In a packed seminar room, clinicians from Northern Health listened intently to nearly a dozen presentations on practical projects implementing the principles of the Best Care for Older People Everywhere: The Toolkit (The Toolkit)1. What made this day different from many other study days, however, was that the presenters were also clinicians from Northern Health. Most had never previously undertaken project work, or presented to such a large audience. This was one of the outcomes of Northern Health’s (NH’s) Staff Capacity Building Initiative.

The initiative provided successful applicants from NH’s clinical staff with training in project management, leadership and presentation skills. Those undertaking the program then used these skills to develop and implement a project in their clinical area based on the domains and principles of The Toolkit. A Project Mentor was also available to help throughout the period.

Applicants were from a variety of allied health and nursing roles. Most were ward staff who had not previously had the opportunity to do this type of training or project work. Projects undertaken were quite diverse, from no lift techniques to be used with resistive patients, to trialling an exercise group in a secure dementia unit, to reducing falls in a short stay unit.

"If we know the name of their football team or their granddaughter’s name it can help calm them – it doesn’t always work, but when it does work it’s really, really good."

One participant was Jan Thomas, an experienced Enrolled Nurse in a secure dementia unit. Jan undertook a project to revise The Key to Me, an information form about the background and personal preferences of dementia patients, and champion its use. She initially thought taking on the project “was out of my depth, but I like to push myself… so I thought I’d give it a go.” Her project involved developing a questionnaire and distributing it to staff and some family members of patients about what they would like to see from the new form. She simplified and shortened the existing document to make it more relevant and easier to use. Involving staff and family also helped foster a sense of ownership.

Jan found the process challenging, but ultimately rewarding. She says having information about a person with severe dementia can often help to manage some of the behavioural and psychological symptoms of dementia. “If we know the name of their football team or their granddaughter’s name it can help calm them – it doesn’t always work, but when it does work it’s really, really good.”

The program also had a personal impact on Jan. She says it was valuable creating connections with staff members outside of her area, and has also sparked a desire to undertake further education. Having the support of her team and finding others who are continuing to champion the use of the form have been other bonuses of her involvement.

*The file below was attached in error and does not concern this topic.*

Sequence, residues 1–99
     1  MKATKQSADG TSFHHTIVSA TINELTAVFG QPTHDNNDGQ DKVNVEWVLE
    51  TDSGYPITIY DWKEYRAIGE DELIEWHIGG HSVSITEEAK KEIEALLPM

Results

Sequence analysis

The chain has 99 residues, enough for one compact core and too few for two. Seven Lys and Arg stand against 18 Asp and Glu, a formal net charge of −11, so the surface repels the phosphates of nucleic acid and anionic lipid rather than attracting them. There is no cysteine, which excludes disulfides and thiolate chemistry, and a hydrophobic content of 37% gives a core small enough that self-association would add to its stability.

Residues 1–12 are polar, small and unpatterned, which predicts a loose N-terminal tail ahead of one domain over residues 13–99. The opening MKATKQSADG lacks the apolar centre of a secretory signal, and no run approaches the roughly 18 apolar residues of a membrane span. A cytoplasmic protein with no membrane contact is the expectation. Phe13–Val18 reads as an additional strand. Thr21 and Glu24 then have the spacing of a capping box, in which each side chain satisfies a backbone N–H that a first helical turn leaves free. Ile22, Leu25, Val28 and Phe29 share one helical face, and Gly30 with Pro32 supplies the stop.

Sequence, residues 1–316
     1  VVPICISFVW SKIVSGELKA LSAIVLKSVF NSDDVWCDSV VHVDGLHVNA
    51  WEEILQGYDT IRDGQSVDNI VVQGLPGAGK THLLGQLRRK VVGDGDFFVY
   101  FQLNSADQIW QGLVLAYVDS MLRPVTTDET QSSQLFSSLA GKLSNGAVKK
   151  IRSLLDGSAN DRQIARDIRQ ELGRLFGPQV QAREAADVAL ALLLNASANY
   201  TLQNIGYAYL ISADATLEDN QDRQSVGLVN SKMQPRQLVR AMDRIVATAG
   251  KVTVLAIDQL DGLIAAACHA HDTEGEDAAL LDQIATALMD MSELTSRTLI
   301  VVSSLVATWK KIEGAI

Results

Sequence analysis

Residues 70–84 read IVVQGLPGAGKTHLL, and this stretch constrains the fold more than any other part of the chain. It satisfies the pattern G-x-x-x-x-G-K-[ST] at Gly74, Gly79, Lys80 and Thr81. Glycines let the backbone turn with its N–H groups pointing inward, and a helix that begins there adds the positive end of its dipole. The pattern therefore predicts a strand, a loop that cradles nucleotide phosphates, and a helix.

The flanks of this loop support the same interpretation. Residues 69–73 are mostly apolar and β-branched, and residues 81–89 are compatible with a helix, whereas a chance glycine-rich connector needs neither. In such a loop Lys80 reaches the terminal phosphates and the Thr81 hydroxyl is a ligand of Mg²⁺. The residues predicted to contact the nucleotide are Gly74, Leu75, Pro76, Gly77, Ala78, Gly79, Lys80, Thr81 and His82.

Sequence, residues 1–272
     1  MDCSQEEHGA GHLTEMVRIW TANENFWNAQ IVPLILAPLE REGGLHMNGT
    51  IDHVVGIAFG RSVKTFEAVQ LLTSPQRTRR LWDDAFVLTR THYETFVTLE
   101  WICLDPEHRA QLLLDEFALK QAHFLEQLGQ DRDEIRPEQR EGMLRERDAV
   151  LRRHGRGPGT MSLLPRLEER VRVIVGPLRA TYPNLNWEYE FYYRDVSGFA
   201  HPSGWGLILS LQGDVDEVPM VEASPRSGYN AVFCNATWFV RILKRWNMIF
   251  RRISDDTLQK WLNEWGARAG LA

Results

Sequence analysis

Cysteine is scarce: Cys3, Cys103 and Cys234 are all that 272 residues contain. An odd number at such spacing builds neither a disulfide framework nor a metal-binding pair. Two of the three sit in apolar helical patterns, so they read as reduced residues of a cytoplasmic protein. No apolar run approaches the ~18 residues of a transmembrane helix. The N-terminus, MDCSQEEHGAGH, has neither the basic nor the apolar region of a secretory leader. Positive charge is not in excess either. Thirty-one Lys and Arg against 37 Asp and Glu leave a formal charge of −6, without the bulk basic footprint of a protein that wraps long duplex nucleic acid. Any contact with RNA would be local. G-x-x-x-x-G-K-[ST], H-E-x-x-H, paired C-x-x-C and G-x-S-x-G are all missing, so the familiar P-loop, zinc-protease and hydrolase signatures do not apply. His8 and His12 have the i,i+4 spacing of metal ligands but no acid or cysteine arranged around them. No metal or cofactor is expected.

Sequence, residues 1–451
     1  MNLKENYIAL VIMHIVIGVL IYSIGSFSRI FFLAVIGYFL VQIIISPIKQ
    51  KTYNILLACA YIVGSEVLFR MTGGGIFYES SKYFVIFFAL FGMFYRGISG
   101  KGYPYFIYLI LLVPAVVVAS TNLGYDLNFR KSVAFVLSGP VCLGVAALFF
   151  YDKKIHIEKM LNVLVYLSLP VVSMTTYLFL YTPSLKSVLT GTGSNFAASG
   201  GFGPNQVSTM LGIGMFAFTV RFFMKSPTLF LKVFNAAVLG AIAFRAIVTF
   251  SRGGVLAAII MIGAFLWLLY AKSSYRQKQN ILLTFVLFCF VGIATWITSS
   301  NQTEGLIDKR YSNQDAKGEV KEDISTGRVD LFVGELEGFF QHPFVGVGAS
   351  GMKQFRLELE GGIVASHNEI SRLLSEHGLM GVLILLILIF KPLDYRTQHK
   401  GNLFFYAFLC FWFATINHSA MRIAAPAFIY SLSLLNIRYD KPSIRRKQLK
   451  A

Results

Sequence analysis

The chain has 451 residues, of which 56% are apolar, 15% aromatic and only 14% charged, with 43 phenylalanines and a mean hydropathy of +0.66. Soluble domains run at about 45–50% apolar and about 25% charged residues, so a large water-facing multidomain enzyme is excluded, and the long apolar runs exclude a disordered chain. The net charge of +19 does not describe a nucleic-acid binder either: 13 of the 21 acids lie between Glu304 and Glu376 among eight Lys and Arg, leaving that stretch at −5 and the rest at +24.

Angela Ruzzene, a Clinical Nurse Consultant who coordinated the education program, says that several of the projects are having an ongoing impact at the ward level, such as a delirium screening tool that was introduced in a dementia ward. Others are having an impact more broadly through the organisation. Perhaps the widest reaching of these is nurse rounding for falls prevention. Nurse rounding involves each patient being regularly checked by a nurse and asked several basic questions about their needs, such as whether they need to use the toilet, whether they have pain and whether they need to be repositioned. This was piloted by one participant as her project and is now being refined and will be rolled out across the organisation.

"I’ve been nursing for a long, long time and sometimes you forget that [patients] had lives, they’re not just a patient… I think that did me the world of good."

While some projects are having a lasting and tangible impact, the initiative was not without its challenges. Recruiting staff, particularly ward-based nurses, was challenging, and not all who undertook the program were able to complete it. The program required a detailed application, support from the participant’s manager as well as a significant time commitment, factors which Angela thinks may have limited the number of applications. Some projects participants began were too large scale and ambitious to be realistic and some were constrained by the need for costly equipment purchases.

Nonetheless, Angela says the initiative has had a positive impact in spreading the principles of person centred care and of The Toolkit. She says the most successful projects were those that were small scale, contained and had tangible results. In many cases these projects have continued to have an impact and the participants continue to champion them. For several, being involved in the initiative has also led to moving into a more senior role within the organisation. Others have been able to utilise their new skills in their current roles.

However, the most lasting impact may be the way the program allowed those involved to see their role, and their patients, in a different light. As Jan says, “I’ve been nursing for a long, long time and sometimes you forget that [patients] had lives, they’re not just a patient… I think that did me the world of good.”

 


1. The current edition of this resource is Older people in hospital.